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Yesterday was investor day at JPMorgan Chase (NYSE: JPM ) . In going through the mountain of information provided -- as both an investor and a Motley Fool writer -- so far I've come across one item in particular that perhaps shouldn't have surprised me, but did: the depth of talent on the JPMorgan management bench.
The deepest bench around?
Page 28 of the Firm Overview (which can be found in the Investor Relations/Investor Presentations section of the JPMorgan website) presents a classic management tree overview of the bank's top leadership, giving a quick but informative snapshot of the main players at JPMorgan, and key points of their time and tenure at the bank and in the industry.
Naturally, Jamie Dimon is at the top of the tree. Dimon joined the company in 2004 as president, and became CEO and COB in 2006, just in time to shepherd the superbank through the worst economic times the U.S. and the banking industry had seen since the Great Depression.
Like Dimon, Bank of America (NYSE: BAC ) CEO Brian Moynihan also joined his superbank in 2004, though Moynihan only assumed the role of CEO in 2009. From that first-day-on-the-job starting point, however, the histories of the two banks diverge drastically, with B of A still struggling to find its way out of financial crisis difficulties. To be fair to Moynihan, though, he did inherit a terrible mess.
Goldman Sachs (NYSE: GS ) CEO Lloyd Blankfein became CEO in 2006, though he started at the firm as a trader on a commodities desk in 1981. Regarding CEOs, at least, that's about as deep a tenure at a firm as you can hope for. Here's how the remainder of JPMorgan's management shakes out:
- Frank Bisignano and Matt Zames are JPMorgan's co-COOs. Bisignano has 7 years at JPMorgan and 31 years in the industry. Zames has 8 years at JPMorgan and 20 years in the industry. It's rumored both are being groomed as possible successors to Dimon.
- Marianne Lake is the bank's CFO, with 13 years at JPMorgan and 21 in the industry. John Hogan is chief risk officer. Hogan has 13 years at JPMorgan and 24 years in the industry. Neither are positions to be taken lightly, or to have inexperienced people in, especially after last year's London Whale trading debacle.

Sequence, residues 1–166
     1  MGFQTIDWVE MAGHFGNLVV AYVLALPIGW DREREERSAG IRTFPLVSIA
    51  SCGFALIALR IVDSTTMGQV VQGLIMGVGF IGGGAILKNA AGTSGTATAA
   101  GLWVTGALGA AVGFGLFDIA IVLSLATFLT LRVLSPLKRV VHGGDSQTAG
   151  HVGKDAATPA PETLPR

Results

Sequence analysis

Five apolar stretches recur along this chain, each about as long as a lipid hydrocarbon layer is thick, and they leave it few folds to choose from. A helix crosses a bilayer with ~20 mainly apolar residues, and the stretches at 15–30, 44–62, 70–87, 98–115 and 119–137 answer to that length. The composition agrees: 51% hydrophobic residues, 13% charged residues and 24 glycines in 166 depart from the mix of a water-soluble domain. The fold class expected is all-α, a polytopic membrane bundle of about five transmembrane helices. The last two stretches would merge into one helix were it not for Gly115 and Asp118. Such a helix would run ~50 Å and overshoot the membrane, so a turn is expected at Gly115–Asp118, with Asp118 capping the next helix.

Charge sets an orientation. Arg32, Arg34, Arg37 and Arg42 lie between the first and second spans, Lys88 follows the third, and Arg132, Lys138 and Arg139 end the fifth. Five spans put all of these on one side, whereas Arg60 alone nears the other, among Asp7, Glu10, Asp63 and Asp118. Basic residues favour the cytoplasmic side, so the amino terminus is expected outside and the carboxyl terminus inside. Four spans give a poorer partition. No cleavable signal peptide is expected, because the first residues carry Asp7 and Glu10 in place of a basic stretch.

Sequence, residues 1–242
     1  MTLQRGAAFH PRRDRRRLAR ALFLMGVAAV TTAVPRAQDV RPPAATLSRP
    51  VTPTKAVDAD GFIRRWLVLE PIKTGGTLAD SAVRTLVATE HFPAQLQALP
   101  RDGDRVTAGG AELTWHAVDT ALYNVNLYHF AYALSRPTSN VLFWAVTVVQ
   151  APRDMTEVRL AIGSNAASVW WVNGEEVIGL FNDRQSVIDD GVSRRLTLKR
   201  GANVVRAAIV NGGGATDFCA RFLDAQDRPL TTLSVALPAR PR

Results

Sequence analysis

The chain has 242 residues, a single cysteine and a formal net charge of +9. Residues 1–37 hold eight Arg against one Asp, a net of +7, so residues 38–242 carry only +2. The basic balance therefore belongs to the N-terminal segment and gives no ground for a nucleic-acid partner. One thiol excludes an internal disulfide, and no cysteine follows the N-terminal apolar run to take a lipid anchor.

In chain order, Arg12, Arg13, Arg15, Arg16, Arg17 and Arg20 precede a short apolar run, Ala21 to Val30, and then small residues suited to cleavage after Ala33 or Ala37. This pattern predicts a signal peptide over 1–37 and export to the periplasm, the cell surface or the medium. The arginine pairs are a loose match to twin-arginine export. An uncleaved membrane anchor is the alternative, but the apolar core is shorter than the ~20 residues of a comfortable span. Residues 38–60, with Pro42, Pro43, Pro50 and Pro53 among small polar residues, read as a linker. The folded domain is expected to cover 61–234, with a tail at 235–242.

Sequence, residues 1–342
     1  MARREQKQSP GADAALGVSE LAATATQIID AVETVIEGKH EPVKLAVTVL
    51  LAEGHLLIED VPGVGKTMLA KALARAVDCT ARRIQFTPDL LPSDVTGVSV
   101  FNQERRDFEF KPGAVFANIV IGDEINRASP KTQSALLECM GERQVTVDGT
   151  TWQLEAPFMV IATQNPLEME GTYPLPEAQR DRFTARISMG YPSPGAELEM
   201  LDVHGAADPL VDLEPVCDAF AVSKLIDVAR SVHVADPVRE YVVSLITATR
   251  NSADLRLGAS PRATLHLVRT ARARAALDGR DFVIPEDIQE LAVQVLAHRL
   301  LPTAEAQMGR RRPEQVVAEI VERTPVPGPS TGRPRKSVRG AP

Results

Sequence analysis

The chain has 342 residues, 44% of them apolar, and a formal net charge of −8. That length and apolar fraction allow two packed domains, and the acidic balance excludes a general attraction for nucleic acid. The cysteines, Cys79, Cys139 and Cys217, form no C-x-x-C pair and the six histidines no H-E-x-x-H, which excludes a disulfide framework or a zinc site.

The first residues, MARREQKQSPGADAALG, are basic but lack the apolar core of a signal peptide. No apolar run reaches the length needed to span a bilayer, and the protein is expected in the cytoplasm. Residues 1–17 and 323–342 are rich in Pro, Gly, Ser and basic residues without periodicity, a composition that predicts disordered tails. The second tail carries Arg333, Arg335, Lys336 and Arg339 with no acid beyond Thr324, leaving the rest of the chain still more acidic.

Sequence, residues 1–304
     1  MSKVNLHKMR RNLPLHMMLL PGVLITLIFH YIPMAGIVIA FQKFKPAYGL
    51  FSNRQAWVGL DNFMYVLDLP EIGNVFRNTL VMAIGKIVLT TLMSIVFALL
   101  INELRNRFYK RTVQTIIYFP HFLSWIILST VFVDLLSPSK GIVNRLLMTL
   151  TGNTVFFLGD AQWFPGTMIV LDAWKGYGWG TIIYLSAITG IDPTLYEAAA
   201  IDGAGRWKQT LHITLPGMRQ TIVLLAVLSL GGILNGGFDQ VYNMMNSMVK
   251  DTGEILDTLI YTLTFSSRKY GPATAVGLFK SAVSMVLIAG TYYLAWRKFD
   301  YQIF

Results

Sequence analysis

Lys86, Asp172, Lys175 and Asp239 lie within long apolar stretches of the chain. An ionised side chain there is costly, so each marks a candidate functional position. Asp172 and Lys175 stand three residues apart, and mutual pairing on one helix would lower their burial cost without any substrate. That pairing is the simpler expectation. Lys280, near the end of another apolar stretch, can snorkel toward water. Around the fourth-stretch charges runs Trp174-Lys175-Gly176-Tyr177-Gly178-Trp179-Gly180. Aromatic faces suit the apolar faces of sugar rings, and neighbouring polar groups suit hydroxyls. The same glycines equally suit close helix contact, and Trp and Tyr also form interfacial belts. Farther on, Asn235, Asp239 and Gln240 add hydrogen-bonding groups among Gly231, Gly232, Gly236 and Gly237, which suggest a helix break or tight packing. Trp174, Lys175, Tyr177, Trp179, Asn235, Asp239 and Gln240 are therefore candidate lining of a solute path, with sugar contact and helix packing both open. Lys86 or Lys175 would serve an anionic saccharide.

- Mike Cavanaugh and Daniel Pinto are co-CEOs of corporate and investment banking, and are also rumored for possible eventual succession to CEO. And both have plenty of experience to offer. Cavanaugh has 13 years at JPMorgan and 25 years in the industry. Pinto has 30 and 30 years, respectively.
Good companies + good people = good investments
That's a lot of people with a lot of years not just in the industry, but also at JPMorgan -- right at the top of the bank -- and I think that speaks volumes for the strength of its culture.
We've all worked for enough companies to know that if a workplace is unpleasant, people generally move on. If an organization isn't offering interesting or meaningful work, or the chance to move up the ladder and make more money -- or to move up the ladder to make a difference -- the kind of people who want to rise into the ranks of top management are going to find someplace else to do it at.
And you want people at the top of any company to know the company, to like the company, and to believe in the company and what it can do. It's going to make the company a better business, and therefore a better investment. JPMorgan Chase has that in spades.
I'll be reporting more of my key findings from JPMorgan Chase investment day over the next week, so stay tuned. In the meantime, if you want to learn more about JPMorgan from the Motley Fool's senior banking analyst, check out our new Motley Fool report on the superbank.
Ilan Moscovitz will tell you where the key opportunities for JPMorgan lie, where its core growth will come from, and the potential business risks. You'll also get even more expert analysis of its leadership team. For immediate access, just click here now.